Welcome to Luca!globe
CPA Manager Current Issue!    Navigation Tips!
Main Menu
CPA Journal
Professional Libary
Professional Forums
Member Services


By Scott I. Jerris and
Timothy A. Pearson

CPA firms are being ranked and compared to each other, more now than ever before. Most rankings are based on total revenue or total clients and convey a measure of prestige. But is ranking by total revenue the best way to compare firms, and benchmark and judge performance? Linking revenues to the resources used to generate them would give a more meaningful basis for evaluating firm performance regardless of size.

For comparisons or benchmarking among firms to be reliable, it is often assumed that the firms should be restricted to a relevant peer group. For CPA firms, it is very difficult to clearly identify a peer group based solely on total revenue. There are wide ranges of firm revenues across CPA firms and much to learn from the operational performance of firms of different sizes. Benchmarking only similar-sized firms ignores the potential for improvement by comparing to high performing other-sized firms.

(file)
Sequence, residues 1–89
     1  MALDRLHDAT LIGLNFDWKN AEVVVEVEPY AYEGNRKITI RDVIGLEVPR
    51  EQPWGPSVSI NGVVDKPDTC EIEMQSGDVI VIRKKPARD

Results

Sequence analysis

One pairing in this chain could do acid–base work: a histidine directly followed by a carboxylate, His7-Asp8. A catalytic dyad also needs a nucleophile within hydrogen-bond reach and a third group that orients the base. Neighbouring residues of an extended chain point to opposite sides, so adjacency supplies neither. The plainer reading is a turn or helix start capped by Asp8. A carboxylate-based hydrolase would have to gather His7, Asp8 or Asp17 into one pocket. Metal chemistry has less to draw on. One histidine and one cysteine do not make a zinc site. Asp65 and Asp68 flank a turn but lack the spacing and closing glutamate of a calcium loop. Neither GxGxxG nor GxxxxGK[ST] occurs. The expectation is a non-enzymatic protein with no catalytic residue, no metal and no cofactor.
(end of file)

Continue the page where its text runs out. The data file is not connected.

CPA firms can benchmark and evaluate firmwide performance relative to other firms using ratios of firm revenue to resources, such as revenue per partner, revenue per professional, revenue per employee, or revenue per office. Each of these revenue ratios provide measures of average productivity or efficiency of resources within the firm. Set forth below is the distribution of total revenue and resources (number of partners, professionals, employees, and offices) of the top 100 CPA firms providing accounting and auditing, tax, and management advisory (MAS) services in 1994 as published by Accounting Today.